A Symposium at Manchester Metropolitan University, in partnership with the International Anthony Burgess Foundation
5th September 2018
3 Cambridge Street
Manchester M1 5BY
Nicola Barker is the author of 12 novels and two collections of short stories. She has won the Impac Award for Wide Open (1998), and Darkmans (2007) was shortlisted for the Man Booker Prize. Her latest novel is H(a)ppy (2017). Reviewers for the Guardian, the London Review of Books and the New York Times have described her alternatively as an ‘unshuttupable’ ‘cult writer’, whose esoteric interests range from golf to Indian mysticism, and an ‘unclassifiable genius’ whose influence is beginning to shift the direction of narrative fiction in English. Fellow author Ali Smith has hailed Barker as ‘an energiser for the more moribund forms of Englishness and English fiction’ and ‘an extraordinary writer; we’re lucky to be alive at the same time as her’. In spite of such accolades, her work – populating a selection of wondrous places like Luton, Ashford, the islands of Sheppey and Canvey, as well as Burley/Yorkshire and Toot Rock/East Sussex – has so far attracted only a diminutive volume of literary criticism.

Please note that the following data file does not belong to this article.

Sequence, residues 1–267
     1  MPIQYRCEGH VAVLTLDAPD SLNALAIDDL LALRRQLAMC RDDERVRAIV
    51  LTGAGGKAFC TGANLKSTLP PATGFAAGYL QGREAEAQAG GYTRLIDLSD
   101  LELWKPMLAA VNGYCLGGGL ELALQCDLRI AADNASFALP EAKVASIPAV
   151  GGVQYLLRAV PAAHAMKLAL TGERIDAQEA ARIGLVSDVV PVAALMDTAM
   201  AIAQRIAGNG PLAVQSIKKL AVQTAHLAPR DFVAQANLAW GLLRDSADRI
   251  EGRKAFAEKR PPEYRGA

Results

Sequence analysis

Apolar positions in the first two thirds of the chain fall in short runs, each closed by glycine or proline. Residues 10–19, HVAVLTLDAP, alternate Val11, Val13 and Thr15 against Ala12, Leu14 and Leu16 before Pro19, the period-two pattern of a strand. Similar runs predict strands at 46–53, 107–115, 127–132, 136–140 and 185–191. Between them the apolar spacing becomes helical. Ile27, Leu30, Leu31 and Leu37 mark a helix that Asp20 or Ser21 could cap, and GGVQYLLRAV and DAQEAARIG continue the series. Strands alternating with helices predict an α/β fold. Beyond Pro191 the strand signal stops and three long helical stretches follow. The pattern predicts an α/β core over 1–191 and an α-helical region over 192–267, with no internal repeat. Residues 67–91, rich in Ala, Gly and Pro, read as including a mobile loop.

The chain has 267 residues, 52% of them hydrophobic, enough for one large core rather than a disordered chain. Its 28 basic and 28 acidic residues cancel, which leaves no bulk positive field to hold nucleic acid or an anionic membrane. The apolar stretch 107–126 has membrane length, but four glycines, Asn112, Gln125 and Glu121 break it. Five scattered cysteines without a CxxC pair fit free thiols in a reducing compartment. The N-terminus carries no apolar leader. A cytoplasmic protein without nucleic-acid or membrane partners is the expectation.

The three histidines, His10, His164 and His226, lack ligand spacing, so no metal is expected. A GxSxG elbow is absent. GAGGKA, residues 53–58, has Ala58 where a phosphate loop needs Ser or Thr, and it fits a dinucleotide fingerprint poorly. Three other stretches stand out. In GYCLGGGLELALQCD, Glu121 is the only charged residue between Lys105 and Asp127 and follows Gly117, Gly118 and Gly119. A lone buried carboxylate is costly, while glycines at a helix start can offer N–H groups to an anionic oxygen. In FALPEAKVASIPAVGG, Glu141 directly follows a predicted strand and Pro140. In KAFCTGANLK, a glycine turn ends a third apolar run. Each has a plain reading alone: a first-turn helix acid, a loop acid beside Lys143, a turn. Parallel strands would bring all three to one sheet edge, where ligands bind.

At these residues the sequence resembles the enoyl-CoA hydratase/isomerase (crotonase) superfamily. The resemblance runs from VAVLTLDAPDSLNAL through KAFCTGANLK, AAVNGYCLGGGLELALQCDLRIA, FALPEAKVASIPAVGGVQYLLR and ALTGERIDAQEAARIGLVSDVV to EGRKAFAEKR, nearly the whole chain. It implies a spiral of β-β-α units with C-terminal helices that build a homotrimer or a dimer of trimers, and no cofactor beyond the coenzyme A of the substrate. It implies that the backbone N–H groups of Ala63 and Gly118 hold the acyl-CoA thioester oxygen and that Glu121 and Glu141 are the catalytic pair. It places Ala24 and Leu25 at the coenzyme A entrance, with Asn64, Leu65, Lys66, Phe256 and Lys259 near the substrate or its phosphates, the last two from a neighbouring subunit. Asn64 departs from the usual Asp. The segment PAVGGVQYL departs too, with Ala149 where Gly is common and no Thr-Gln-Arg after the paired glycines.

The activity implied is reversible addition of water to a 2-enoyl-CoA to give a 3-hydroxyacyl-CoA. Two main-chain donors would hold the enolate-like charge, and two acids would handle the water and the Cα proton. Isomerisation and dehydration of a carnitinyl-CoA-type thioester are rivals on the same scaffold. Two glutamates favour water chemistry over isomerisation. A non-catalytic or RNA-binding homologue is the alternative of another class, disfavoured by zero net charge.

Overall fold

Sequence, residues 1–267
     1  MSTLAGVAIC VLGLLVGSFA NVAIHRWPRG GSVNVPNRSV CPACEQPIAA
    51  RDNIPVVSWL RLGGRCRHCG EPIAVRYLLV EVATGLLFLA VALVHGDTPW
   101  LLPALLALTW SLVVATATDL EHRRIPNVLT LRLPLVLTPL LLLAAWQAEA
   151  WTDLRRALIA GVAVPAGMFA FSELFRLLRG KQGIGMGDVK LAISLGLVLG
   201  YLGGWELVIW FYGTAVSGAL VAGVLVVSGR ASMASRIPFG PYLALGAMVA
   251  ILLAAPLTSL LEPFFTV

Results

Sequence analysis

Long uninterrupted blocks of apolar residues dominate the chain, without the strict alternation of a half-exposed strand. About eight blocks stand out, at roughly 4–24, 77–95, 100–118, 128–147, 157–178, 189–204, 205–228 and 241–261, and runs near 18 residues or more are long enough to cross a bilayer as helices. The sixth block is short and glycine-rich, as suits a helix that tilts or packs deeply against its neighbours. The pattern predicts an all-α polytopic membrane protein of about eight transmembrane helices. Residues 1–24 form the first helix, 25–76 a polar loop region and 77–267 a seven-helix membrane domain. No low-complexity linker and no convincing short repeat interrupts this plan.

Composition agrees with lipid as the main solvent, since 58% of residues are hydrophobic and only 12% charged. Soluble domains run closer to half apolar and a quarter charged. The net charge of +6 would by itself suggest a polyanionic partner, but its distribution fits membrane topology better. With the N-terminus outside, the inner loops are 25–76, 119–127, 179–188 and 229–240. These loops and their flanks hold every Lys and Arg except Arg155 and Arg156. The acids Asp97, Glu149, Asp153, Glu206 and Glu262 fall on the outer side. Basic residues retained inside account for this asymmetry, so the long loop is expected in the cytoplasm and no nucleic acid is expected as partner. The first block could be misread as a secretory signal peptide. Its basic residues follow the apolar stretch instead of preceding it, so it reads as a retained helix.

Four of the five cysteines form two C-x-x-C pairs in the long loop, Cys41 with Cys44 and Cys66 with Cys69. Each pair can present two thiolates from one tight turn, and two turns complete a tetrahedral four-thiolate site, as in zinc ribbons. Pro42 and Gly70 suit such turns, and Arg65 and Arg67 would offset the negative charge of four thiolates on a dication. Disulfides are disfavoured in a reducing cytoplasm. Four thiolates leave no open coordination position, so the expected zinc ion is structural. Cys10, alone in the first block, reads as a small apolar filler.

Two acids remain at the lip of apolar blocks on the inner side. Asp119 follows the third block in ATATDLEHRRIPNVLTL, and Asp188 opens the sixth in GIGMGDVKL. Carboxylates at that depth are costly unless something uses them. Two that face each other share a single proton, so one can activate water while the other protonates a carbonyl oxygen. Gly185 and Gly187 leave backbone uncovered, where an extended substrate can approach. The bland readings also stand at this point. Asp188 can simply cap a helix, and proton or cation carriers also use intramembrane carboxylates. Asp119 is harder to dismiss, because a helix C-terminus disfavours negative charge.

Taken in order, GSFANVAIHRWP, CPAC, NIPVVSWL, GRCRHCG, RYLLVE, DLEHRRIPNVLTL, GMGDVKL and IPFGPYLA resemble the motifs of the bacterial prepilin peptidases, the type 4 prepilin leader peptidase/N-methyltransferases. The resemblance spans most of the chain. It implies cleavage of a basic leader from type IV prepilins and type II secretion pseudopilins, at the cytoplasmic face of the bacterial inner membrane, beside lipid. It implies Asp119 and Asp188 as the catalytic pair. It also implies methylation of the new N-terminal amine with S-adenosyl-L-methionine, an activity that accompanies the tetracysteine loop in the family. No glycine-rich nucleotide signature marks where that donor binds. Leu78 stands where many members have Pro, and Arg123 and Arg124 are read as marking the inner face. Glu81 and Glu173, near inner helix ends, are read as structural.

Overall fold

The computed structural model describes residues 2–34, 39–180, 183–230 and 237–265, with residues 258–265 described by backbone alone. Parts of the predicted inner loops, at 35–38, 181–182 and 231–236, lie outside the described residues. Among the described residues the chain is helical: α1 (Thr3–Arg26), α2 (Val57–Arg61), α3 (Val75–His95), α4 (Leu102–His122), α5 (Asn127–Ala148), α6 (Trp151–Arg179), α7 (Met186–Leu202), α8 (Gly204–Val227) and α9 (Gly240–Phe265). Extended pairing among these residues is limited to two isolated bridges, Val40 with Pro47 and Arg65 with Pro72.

This symposium, which will be attended by the author herself, intends to explore the ‘Barkeresque’ mode, which assimilates influences from Dickens, Wodehouse, Kafka and Beckett all rolled into one. Topics for exploration encompass Englishness and place; community and utopia; the Gothic and the sacred; comedy and trauma; and experimental narration, including the exhaustion and exuberant revival of the novel genre.
The symposium will lead to the publication of a volume in Gylphi Contemporary Writers: Critical Essays series. The titles in this series are devoted to contemporary writers whose work is popularly and critically valued, but on whom a significant body of academic criticism has yet to be established. Each of the titles in the series develops out of the best contributions to an international conference; represents the most intelligent and provocative material in current thinking about the writer’s work; and suggests future avenues of thought, comparison and analysis. So far six books have been published in the series (on David Mitchell, Maggie Gee, China Miéville, Adam Roberts, Tom McCarthy and Rupert Thomson), with another two (on M. John Harrison and Michel Faber) in preparation.
For further details on the symposium, please contact Professor Berthold Schoene firstname.lastname@example.org.
Prospective contributors should submit a brief note on the proposed coverage of their paper by no later than 31 January, followed by a submission of a title and more detailed abstract (no more than 500 words) by 30 April.